Teaching the Practitioners of Care
New Pedagogies for the Health Professions
Publication Year: 2003
Nancy L. Diekelmann
Pamela M. Ironside
Kathryn Hopkins Kavanagh
Melinda M. Swenson
Sharon L. Sims
Rosemary A. McEldowney
Jan D. Sinnott
Published by: University of Wisconsin Press
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Do faculty in the health professions, even as they support the need to imple-ment innovation and reform, continue to teach as they were taught and for aA rapidly changing healthcare system, the shift to community-basedcare, and increasing diversity in student populations are challenginghealth professions schools. Yet curricula in many of these schools con-...
1. Converging Conversations from Phenomenological Pedagogies: Toward a Science of Health Professions Education
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The discipline of nursing, like all health sciences, is firmly committedto developing a science for practice. Serious scholarship in nursing con-tinues to expand the body of knowledge (evidence) upon which practic-ing nurses can draw to insure their practice is research-based. But, doesthis commitment extend to nursing education? Should there be a sci-...
2. Mirrors: A Cultural and Historical Interpretation of Nursing’s Pedagogies
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The histories of nursing and nursing pedagogies—including the art,craft, work, and acts (Carlson & Apple, 1998), and the thinking aboutand comportment associated with teaching (Ironside, 2000)—mirrorthe social and cultural ethos of varied times and circumstances. Perhapsmore than any other occupation, nursing has been shaped by social con-...
3. Listening to Learn: Narrative Strategies and Interpretive Practices in Clinical Education
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Clinical education in the health professions arises from a long tradition of lecture, demonstration, mentoring, apprenticeship, practice, memorization, repetition, and objective testing. The focus has been on content and the achievement of teacher-directed outcomes. This traditional model has worked well in the past, but is being challenged as the world of healthcare...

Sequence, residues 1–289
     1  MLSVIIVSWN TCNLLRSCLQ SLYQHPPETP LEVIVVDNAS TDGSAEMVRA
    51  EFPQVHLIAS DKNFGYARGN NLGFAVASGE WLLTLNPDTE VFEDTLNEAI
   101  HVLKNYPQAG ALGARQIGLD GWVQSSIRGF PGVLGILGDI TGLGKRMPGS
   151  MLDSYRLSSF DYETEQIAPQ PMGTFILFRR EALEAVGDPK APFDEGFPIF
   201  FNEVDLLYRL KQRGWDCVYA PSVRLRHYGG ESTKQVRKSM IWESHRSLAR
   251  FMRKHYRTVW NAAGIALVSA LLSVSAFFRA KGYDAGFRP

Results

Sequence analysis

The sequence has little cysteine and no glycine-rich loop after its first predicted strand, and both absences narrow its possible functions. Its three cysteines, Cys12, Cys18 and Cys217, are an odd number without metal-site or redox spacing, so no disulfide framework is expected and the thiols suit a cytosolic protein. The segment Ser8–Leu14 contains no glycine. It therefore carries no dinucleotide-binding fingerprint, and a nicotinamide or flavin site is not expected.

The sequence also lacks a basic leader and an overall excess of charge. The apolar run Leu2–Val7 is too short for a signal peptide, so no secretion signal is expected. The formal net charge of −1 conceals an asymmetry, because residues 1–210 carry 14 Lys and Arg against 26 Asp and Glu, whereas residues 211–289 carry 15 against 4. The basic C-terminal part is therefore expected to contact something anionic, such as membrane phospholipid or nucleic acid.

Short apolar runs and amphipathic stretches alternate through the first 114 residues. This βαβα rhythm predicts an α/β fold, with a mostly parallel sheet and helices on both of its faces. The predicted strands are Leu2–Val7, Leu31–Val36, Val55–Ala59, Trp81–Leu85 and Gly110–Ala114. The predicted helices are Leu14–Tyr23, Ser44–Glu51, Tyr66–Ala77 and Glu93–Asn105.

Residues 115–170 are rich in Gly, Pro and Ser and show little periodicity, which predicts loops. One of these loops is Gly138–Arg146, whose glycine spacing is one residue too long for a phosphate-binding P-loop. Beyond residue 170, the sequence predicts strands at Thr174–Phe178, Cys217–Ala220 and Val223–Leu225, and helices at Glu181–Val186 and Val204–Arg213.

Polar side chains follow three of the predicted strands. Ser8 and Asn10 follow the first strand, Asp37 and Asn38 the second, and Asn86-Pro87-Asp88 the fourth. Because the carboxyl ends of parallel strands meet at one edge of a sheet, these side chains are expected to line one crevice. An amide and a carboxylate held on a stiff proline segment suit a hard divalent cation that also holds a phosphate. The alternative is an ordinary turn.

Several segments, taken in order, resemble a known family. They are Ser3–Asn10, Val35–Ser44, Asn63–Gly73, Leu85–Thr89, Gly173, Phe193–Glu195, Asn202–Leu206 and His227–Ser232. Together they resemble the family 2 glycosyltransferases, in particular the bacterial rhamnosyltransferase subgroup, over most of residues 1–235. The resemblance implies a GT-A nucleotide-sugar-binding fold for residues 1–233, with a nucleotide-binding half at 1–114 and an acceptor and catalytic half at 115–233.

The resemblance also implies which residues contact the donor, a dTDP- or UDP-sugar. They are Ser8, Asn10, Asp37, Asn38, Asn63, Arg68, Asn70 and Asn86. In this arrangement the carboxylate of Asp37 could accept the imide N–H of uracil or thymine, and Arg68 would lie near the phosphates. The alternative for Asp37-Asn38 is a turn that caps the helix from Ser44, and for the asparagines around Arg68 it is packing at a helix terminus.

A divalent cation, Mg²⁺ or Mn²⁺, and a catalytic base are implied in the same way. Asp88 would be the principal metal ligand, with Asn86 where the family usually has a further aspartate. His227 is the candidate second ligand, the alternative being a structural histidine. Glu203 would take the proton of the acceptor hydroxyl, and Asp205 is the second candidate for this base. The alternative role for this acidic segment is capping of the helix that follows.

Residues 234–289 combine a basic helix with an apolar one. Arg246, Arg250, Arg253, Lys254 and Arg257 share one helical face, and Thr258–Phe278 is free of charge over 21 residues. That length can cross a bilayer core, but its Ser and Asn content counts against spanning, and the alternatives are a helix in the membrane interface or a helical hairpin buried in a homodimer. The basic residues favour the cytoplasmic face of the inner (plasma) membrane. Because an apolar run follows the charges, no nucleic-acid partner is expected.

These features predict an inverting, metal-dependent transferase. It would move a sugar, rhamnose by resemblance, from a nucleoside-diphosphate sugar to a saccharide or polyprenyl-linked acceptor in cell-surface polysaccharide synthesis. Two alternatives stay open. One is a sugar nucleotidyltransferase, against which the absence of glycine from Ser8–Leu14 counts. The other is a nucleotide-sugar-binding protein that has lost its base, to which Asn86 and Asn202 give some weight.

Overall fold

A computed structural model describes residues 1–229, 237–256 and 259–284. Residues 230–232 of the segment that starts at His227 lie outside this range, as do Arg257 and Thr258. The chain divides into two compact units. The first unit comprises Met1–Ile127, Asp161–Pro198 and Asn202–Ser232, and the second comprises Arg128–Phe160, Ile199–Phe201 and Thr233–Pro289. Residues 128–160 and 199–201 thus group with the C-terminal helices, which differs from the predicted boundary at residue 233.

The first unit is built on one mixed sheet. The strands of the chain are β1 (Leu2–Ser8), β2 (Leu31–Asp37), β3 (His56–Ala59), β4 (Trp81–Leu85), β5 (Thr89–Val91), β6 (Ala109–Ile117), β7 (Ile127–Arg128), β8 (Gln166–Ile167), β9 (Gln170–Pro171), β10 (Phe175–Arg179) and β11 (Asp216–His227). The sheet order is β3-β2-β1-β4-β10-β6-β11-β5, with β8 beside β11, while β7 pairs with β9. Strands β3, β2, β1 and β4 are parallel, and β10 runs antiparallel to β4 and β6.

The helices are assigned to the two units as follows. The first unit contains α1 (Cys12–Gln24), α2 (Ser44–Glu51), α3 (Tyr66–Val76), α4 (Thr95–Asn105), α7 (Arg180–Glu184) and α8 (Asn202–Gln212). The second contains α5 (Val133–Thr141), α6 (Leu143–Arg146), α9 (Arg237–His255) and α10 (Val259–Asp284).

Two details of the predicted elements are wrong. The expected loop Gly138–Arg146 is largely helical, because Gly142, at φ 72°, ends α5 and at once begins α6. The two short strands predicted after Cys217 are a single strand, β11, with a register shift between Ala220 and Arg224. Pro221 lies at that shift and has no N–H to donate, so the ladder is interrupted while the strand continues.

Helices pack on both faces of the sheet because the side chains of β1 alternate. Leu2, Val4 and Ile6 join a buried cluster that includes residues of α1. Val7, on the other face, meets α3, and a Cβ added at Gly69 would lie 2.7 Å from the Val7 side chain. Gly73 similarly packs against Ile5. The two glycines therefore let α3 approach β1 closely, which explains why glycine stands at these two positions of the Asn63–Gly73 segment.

4. Critical Resistance Pathways: Overcoming Oppression in Nursing Education
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My interest in exploring the practices of resisting and accommodatingoppression in nursing and nursing education arose from my nursing ex-periences. In 1995, I explored how nurse educators resisted oppressionand, subsequently, I developed the concept of a critical resistance path-way (CRP). The CRP represents a course of action, direction, passage,...
5. Teaching as Nourishment for Complex Thought: Approaches for Classroom and Practice Built on Postformal Theory and the Creation of Community
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Developmental Psychology, I did not think of teaching as “nourishmentfor life.” But I did think teaching was good for passing information onfrom the informed to the uninformed. This was how I had always experi-One day I had what I thought was a bright idea: I decided to createa course that our department did not yet offer, a course in my area of...
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Page Count: 292
Publication Year: 2003
Series Title: Interpretive Studies in Healthcare